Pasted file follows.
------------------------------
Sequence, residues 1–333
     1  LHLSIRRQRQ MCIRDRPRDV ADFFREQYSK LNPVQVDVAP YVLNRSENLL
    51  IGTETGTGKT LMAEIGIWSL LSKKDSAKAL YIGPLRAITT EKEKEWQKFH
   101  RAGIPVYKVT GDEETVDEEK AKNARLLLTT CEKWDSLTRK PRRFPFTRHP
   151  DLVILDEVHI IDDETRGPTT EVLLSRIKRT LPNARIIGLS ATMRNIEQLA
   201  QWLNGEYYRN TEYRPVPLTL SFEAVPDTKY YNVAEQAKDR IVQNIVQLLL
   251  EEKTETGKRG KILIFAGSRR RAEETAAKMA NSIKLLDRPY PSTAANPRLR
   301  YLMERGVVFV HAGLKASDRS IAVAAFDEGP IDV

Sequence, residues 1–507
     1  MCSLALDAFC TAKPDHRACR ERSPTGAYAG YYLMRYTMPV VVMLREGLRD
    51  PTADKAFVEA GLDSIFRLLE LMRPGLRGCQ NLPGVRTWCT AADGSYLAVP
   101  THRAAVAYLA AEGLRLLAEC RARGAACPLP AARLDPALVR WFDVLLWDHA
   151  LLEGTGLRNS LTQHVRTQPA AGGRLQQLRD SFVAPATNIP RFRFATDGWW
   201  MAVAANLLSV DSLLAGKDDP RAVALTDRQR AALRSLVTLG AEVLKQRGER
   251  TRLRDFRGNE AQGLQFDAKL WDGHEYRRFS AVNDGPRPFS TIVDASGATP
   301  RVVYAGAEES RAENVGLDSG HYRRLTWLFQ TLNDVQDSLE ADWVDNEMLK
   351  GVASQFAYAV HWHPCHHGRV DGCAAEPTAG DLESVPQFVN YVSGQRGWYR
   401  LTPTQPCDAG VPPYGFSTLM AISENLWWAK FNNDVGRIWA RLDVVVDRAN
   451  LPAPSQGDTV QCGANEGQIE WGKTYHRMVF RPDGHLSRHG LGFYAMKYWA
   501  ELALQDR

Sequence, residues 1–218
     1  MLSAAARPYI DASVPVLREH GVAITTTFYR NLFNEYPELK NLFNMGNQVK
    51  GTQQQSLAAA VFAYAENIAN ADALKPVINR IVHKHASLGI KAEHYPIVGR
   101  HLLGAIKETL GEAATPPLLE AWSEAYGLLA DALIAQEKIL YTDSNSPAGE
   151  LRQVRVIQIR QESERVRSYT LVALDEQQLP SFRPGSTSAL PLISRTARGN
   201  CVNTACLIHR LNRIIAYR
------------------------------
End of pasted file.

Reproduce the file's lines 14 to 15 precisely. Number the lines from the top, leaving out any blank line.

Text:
   201  MAVAANLLSV DSLLAGKDDP RAVALTDRQR AALRSLVTLG AEVLKQRGER
   251  TRLRDFRGNE AQGLQFDAKL WDGHEYRRFS AVNDGPRPFS TIVDASGATP